Elliot: One of the problems with monogamy is that you only get to try out one theory of who you should be with, for all of time.
Caeli: Is it really forever?
Elliot: You have to commit to not change partners anymore to really call it monogamy. If you kept changing partners as much as you wanted (say, a few times a day, depending who you were with) that would be something else entirely.
Caeli: I see. Plus forever is how marriage is supposed to work.
Elliot: Right. So, you have this one partner forever. You can't try out rival ideas of who you should be with. This is very bad.
Caeli: What's so bad about it? If your partner tried out someone else, he might like it and leave.
Elliot: If he did find a better life for himself, wouldn't that be good?
Caeli: Not for me.
Elliot: Would you want to hold back someone you loved, selfishly, and keep him from being as happy as he could be?
Caeli: No, I guess not.
Elliot: You may be worried he will leave because of New Relationship Energy: because he's excited by benefits with the new person that won't last. This does indeed happen. It's a parochial error. It means he's lost perspective on his life, and is misjudging which things will have lasting importance.
Caeli: OK, so how do you avoid that mistake?
Elliot: Well, one way is not to be monogamous in the first place. But never mind that for now. If the new relationship has temporary benefits, wouldn't it be a shame to miss out on that? He'll learn cool stuff, and when he comes back, he will share it with you. You'll both be better for it.
Caeli: Hmm, maybe.
Elliot: In general, criticism makes good theories stable, and crushes bad theories. Good theories only appear good when you compare them to their rivals. Just by themselves, we have no way to judge them. We don't know how close to the truth we are. We only know if they seem to solve our current problems. Having a history of being adaptable, and defeating rivals, is a way to boost our confidence in a theory.
Caeli: So what does that mean for relationships?
Elliot: It means that trying lots of relationships will make it clearer which are good and which are bad, and help you see why the good ones are better than the others.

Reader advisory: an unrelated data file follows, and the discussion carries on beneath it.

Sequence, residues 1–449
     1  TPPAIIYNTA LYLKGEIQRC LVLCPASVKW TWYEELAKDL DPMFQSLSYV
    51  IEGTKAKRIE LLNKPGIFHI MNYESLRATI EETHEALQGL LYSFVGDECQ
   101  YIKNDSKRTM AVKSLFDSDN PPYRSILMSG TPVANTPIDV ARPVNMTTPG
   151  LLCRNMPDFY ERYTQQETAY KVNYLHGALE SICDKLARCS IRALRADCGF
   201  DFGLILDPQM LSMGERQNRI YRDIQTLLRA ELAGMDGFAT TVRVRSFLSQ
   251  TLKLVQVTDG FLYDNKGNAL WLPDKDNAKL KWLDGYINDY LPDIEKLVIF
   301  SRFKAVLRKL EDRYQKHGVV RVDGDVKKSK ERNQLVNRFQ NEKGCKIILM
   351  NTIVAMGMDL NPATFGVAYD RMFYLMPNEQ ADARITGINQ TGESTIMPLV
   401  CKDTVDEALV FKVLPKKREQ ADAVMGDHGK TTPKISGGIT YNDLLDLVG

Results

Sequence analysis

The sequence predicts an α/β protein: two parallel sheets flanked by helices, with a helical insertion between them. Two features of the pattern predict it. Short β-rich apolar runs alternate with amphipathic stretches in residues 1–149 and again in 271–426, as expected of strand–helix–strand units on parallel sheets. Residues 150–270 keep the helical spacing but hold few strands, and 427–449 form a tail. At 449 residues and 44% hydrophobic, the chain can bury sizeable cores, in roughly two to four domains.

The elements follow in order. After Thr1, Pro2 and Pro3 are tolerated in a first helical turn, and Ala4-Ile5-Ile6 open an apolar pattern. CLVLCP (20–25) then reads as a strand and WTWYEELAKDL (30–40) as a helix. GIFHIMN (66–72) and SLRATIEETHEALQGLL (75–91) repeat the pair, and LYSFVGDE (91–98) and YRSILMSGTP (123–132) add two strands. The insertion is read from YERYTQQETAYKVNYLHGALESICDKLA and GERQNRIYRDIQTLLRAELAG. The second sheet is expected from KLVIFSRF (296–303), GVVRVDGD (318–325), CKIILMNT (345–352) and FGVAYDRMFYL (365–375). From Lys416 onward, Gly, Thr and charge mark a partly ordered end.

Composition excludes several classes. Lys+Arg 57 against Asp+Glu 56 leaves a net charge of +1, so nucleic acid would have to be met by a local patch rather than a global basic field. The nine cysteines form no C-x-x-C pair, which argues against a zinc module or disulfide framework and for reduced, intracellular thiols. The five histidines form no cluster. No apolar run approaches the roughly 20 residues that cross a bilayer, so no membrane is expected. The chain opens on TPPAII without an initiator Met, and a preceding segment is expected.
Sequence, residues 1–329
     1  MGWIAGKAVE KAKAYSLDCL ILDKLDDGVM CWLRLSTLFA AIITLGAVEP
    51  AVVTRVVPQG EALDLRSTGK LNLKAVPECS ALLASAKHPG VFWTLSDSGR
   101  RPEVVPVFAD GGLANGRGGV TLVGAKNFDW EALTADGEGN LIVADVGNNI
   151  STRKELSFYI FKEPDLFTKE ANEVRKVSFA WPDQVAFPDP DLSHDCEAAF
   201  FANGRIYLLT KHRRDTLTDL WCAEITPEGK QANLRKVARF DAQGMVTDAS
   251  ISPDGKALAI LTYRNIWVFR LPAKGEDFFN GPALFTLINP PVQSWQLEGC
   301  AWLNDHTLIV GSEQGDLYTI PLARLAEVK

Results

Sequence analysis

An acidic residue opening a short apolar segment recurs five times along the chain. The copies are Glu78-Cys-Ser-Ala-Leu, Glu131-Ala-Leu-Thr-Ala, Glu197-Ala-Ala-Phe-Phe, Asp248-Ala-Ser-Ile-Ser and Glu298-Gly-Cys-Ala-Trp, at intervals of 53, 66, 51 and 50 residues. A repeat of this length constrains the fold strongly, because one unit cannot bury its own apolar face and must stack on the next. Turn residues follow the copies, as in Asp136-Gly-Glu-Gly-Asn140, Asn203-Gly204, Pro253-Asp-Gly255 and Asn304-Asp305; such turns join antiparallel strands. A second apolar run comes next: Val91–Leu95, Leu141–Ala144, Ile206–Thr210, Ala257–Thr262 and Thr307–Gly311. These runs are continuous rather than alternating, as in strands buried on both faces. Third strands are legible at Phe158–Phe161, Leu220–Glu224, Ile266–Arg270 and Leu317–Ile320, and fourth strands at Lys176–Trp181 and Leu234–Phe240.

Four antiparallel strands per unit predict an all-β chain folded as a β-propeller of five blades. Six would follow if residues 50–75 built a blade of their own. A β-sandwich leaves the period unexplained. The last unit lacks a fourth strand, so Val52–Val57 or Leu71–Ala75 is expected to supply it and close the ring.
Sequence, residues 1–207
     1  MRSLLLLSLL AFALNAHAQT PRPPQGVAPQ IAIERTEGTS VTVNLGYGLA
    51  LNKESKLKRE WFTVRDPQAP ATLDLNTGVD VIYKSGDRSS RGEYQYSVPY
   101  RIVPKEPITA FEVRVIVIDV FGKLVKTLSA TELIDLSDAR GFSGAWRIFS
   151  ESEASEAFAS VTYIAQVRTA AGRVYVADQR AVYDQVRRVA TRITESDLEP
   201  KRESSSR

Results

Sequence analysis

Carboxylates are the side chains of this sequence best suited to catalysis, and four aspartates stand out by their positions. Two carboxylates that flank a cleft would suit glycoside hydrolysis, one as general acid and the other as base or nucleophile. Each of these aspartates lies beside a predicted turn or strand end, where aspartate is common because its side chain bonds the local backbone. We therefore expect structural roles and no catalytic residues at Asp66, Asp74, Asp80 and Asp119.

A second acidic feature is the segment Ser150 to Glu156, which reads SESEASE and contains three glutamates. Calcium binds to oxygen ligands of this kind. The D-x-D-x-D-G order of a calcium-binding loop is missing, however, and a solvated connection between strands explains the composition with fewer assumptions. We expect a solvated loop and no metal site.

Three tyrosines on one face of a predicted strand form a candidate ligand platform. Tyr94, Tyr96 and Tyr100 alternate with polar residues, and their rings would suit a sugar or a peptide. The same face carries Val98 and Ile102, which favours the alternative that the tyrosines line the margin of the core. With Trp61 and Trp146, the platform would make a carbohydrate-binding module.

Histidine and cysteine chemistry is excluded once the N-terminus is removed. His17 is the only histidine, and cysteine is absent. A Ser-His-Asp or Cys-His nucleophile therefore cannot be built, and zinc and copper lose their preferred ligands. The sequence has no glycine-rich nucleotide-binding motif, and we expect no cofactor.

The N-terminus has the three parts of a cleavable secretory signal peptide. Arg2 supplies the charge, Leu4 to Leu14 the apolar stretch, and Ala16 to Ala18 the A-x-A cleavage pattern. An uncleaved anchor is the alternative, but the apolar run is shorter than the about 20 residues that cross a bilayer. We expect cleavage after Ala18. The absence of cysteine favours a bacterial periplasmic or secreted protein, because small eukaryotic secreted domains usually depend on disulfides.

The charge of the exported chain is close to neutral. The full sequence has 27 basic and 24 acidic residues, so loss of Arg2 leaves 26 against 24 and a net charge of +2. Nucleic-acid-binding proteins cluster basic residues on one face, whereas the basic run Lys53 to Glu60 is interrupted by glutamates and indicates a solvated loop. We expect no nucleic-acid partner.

Caeli: People usually do try a lot of relationships before they settle down.
Elliot: Yes, and that's good. But once they settle down, they stop doing this. They stop learning about relationships in this way. They limit themselves, and don't try new relationships they think would be valuable. They avoid them without learning about them. As long as their are still temptations, it proves the person still has more to learn (or is in the wrong relationship).
Caeli: Can you give some more concrete examples?
Elliot: Marriages get unstable after a while because people forget what being in other relationships is like. There is actually a common experience in stories and on TV of someone who cheats on his longtime partner only to realize that he prefers to be with his partner. He just needed to be free to spend time with other people, and compare, to see that being with his partner was best. But he wasn't allowed to, and had to cheat to learn about the issue. That's bad for everyone involved. Who would really want a partner to stay with him in ignorance?
Caeli: That's not appealing. Like if he said he loved me, I couldn't believe him, because he wouldn't really know.
Elliot: Spending time with lots of people increases our perspective. Like with everything else, the ideal policy as far as learning is concerned is to do it as much as we are interested in.
Caeli: What about STDs?